Hi-tech cowboys: Applying analytics to oil and gas exploration

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I just returned from the largest annual gathering of upstream oil and gas technology professionals. Some of the brightest minds in resource exploration – from graduate students to 50-year professionals – enjoyed the masquerade carnival that filled the exhibit hall on Halloween night.

But the real entertainment was in the sessions. My objective was to learn about the challenges and applications for data management and analytics in unconventional resource exploration.  This includes shale gas, tight sands, and ultra-deep water.  The behavior of these resources during exploration and production is not as easy to predict as “traditional” oil wells because historical data may not provide any statistically relevant insights to guide decisions, and the geology is likely “anisotropic[1]” (one of my new vocab words from the week) leading to many variables that are not within the engineer’s control.

If you haven’t been to a technical session at an energy conference, here’s a primer:  The speaker presents research (based either on actual field development or engineering/geomechanical models) and their conclusions to a crowd of 100-300 people.  A formula with lots of Greek letters may show up on a few slides. Inevitably, seismic readings fill the screen and people nod as they draw their own inferences and conclusions. Then, the speaker's peers stand up to challenge assumptions in their model, from homogeneity of rock formations, analytical models selected, validity of data, etc.  A lively debate often ensues, which may spill out into the hallways and continue until the next conference and next paper.

For a practitioner, it’s a great way of learning the “ah-ha” moments that colleagues have faced (and you hope to avoid).  Veterans of the industry reference the pressure to achieve production levels that were estimated in a corporate office two states over, the challenges of comparing effectiveness of new fracing technologies, and the ever-present need to move beyond “tribal knowledge” to data driven decisions.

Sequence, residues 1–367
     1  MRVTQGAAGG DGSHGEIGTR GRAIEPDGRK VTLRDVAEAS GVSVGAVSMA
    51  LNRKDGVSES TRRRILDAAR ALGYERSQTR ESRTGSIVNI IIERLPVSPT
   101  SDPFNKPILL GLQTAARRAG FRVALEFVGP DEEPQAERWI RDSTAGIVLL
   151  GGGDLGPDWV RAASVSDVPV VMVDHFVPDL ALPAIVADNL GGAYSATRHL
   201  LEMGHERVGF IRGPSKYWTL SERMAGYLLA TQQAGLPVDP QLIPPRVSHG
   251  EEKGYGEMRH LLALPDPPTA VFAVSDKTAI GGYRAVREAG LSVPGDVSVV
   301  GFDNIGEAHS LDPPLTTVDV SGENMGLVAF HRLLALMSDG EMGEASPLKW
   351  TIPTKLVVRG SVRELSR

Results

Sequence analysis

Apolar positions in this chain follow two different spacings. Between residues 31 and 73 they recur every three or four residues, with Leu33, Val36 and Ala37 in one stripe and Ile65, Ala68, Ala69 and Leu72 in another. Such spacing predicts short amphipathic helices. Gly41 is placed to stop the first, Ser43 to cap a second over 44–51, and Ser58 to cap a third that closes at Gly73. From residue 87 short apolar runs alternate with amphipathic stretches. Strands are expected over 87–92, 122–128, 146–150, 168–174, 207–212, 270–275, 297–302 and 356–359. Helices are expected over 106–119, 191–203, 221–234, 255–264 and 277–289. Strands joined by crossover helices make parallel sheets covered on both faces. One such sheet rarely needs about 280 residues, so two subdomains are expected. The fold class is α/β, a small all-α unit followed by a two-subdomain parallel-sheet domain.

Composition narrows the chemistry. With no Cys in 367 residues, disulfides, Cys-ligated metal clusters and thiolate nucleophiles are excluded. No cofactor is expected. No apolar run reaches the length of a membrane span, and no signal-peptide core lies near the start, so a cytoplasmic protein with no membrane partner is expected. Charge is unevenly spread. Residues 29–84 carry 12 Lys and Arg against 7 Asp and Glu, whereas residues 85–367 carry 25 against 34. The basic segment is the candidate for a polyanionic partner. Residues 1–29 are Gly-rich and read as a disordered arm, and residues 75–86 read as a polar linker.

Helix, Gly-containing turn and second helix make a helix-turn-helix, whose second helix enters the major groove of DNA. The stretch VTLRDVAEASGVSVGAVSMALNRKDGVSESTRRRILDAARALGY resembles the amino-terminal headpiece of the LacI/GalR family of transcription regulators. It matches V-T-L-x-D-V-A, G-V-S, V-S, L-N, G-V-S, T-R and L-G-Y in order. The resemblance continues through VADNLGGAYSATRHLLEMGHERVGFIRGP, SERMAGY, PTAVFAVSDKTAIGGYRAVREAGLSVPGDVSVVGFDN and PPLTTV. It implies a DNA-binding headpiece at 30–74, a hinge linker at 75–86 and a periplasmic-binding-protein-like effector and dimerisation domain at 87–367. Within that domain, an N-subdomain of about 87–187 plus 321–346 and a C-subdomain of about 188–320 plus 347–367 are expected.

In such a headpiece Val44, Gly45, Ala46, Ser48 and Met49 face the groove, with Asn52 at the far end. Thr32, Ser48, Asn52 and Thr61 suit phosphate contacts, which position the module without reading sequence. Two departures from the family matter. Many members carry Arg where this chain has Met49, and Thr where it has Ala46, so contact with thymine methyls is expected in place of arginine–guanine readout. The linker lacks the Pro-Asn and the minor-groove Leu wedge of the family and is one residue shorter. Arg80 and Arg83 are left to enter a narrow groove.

The key take-away is this:  Exploration and Production is still an art AND a science. And these are not your typical cowboys.  These professionals want the job done right and they know that better information can lead to better results.  Fortunately, SAS has proven solutions and an experienced team who is ready to help.  Prop up your boots and read these informative papers and case studies from Petrobras and others to learn more.


[1] From Wikipedia:  Anisotropy is the property of being directionally dependent, as opposed to isotropy, which implies identical properties in all directions. This property is used in the gas and oil exploration industry to identify hydrocarbon-bearing sands in sequences of sand and shale.

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About Author

Alyssa Farrell

Advisory Industry Marketing Manager, SAS

Alyssa Farrell leads industry marketing for the SAS Global Health and Life Sciences Practice. In this role, she focuses on the SAS solutions that help optimize health outcomes for individuals and their communities. Alyssa is actively engaged in analyst relations, market research and influencer marketing to stay on top of industry trends and align SAS capabilities to customer needs. She has also supported the global energy and public sector teams during her career at SAS. Prior to joining SAS in 2004, Alyssa was a senior consultant in the Deloitte Public Sector practice. She earned her MBA degree with a concentration in Management Information Systems from the University of Arizona. She also holds a Bachelor of Arts degree with honors from Duke University. Follow Alyssa on Twitter @alyssa_farrell and LinkedIn at http://LinkedIn.com/in/alyssafarrell

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